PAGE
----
However, as the healthcare landscape changes under the Patient Protection and Affordable Care Act (PPACA), Loepp believes payers will have to modify their strategies.

“What we’re doing around patient-centered medical homes and our Physician Group Incentive Program may be different in two or three or four years,” he says. “It may take a different turn; I’m not sure what, honestly, because there are a lot of unknowns with the Affordable Care Act. But, I can’t see any situation where the collaborative model isn’t going to be at the forefront.”

He says the collaborative programs with providers go after some low-hanging fruit and organize processes around improvement opportunities. And the plan has seen substantial adoption rates. For example, BCBSM grew its patient-centered medical home participation from 1,200 physicians in 2009 to more than 2,500 physicians in 2011.

But in the future, all types of care delivery will be examined in great detail because of healthcare’s unsustainable costs, Loepp says. Provider contracts will be inexorably tied to quality and will span multiple contract years. Primary care groups have embraced performance-based payment because they see the change coming, but practices of all types-even those that were resistant in the past-will eventually make the leap.

“And now you’ve got specialists coming to complain about the fact they can’t get into the game as quickly, compared to the primary care docs,” Loepp says.

The plan’s hospital contracts will have inflation adjustments, but any reimbursement hikes above that will be based on performance outcomes that are set collaboratively. He says the days of paying for volume are waning, especially in more competitive markets like Detroit.

“We signed the first outcomes-based hospital agreement in 2011 with St. John Providence,” he says. “We’ve now got performance-based contracts with three of the five largest health systems in the state participating, so we’re getting some traction on the hospital side.”

On a national level, Loepp says, Michigan continues to be a relatively cost-conscious state. According to the Kaiser Family Foundation, Michigan had the lowest rate of premium increases nationally from 1999 to 2009. Premiums increased 88%, however, other states saw rates increase as much as 145% in that time period. He says the same is true for BCBSM.

“Our benefit cost trend was 2.2% for 2011, and that’s considerably down,” says Loepp. “That’s six years in a row where we’re lower than the national average.”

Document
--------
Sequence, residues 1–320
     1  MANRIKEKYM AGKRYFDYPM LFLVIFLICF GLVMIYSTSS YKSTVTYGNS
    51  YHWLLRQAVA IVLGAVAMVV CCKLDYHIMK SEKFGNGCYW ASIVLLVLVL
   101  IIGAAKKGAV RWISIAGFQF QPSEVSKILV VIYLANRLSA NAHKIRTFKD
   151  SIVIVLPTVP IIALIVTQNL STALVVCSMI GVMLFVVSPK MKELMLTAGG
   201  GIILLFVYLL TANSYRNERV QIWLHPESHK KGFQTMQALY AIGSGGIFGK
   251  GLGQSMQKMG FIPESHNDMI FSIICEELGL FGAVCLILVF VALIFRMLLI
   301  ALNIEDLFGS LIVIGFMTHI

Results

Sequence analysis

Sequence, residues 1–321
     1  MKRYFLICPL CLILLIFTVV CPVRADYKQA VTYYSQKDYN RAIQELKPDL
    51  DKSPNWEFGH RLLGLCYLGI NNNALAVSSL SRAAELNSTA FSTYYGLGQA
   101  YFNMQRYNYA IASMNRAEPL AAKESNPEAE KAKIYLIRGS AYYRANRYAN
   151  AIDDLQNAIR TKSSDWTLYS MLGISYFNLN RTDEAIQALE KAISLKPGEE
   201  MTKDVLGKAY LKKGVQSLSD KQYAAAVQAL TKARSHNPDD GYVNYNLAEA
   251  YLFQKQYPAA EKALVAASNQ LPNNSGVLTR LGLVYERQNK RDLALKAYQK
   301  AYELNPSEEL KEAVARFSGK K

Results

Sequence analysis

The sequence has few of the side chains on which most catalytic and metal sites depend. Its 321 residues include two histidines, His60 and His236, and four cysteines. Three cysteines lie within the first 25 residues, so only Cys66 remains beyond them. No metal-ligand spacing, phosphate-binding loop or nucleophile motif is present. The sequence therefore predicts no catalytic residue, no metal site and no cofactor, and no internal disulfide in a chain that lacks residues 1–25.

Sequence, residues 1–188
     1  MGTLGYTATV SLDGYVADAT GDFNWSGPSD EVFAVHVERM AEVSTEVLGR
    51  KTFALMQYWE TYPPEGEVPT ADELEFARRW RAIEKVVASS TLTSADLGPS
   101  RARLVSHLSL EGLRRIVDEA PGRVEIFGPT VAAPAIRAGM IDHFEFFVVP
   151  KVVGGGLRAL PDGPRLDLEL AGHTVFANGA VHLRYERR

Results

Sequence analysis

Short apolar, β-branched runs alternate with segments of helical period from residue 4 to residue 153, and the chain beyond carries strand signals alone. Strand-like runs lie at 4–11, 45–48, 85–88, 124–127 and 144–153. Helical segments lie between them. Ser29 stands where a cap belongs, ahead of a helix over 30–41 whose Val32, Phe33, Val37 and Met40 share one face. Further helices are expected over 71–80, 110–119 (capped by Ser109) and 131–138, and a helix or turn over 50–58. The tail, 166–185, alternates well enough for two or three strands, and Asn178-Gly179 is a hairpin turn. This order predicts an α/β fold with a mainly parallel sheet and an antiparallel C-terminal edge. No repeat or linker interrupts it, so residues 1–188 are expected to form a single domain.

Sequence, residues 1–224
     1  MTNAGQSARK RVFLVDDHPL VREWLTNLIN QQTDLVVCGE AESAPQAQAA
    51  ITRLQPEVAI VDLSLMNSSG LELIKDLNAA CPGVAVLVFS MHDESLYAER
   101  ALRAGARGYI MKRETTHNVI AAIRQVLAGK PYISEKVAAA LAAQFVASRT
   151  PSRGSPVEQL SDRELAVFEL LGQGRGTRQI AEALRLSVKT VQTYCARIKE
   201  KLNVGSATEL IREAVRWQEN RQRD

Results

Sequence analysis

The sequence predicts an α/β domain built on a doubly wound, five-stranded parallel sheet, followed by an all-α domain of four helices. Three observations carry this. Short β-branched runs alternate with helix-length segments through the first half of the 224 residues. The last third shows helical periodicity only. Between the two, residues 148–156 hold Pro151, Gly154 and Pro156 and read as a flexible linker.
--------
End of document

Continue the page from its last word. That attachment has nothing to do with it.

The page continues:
With 5.3 million members and its role as the insurer of last resort, BCBSM has its share of high-cost members. According to Loepp, the upcoming guaranteed issue regulation under PPACA has been part of everyday operations for his plan for more than 30 years.

“The world becomes us in 2014,” he says. “Because up until now, we have been the insurer of last resort, and we take everybody.”

In 2014, every insurer will be required to do the same.

He anticipates the mix of members will change for BCBSM. While some groups might drop coverage, government and individual business will rise.

“There was a lot of discussion of whether we should be aggressive in the government side of the healthcare business, and right now you would look at yourself and say ‘duh,’ right? But, five or six years ago, that wasn’t the case,” he says.

Even though the covered population will change, the quality initiatives must continue to keep costs under control.

“We’re offering networks and service, basically,” Loepp says. “And, the idea of us partnering with physicians and with hospitals in order to get that value-that part of it isn’t going to change. In fact, and we’ve seen through these programs and our collaboration, that we offer more value than those we’re competing against. And so, I don’t see that that changes in the future. I’m not a soothsayer, so I’m not even going to try to guess, but the idea of collaboration, and significant collaboration with providers, I think is table stakes today and tomorrow.”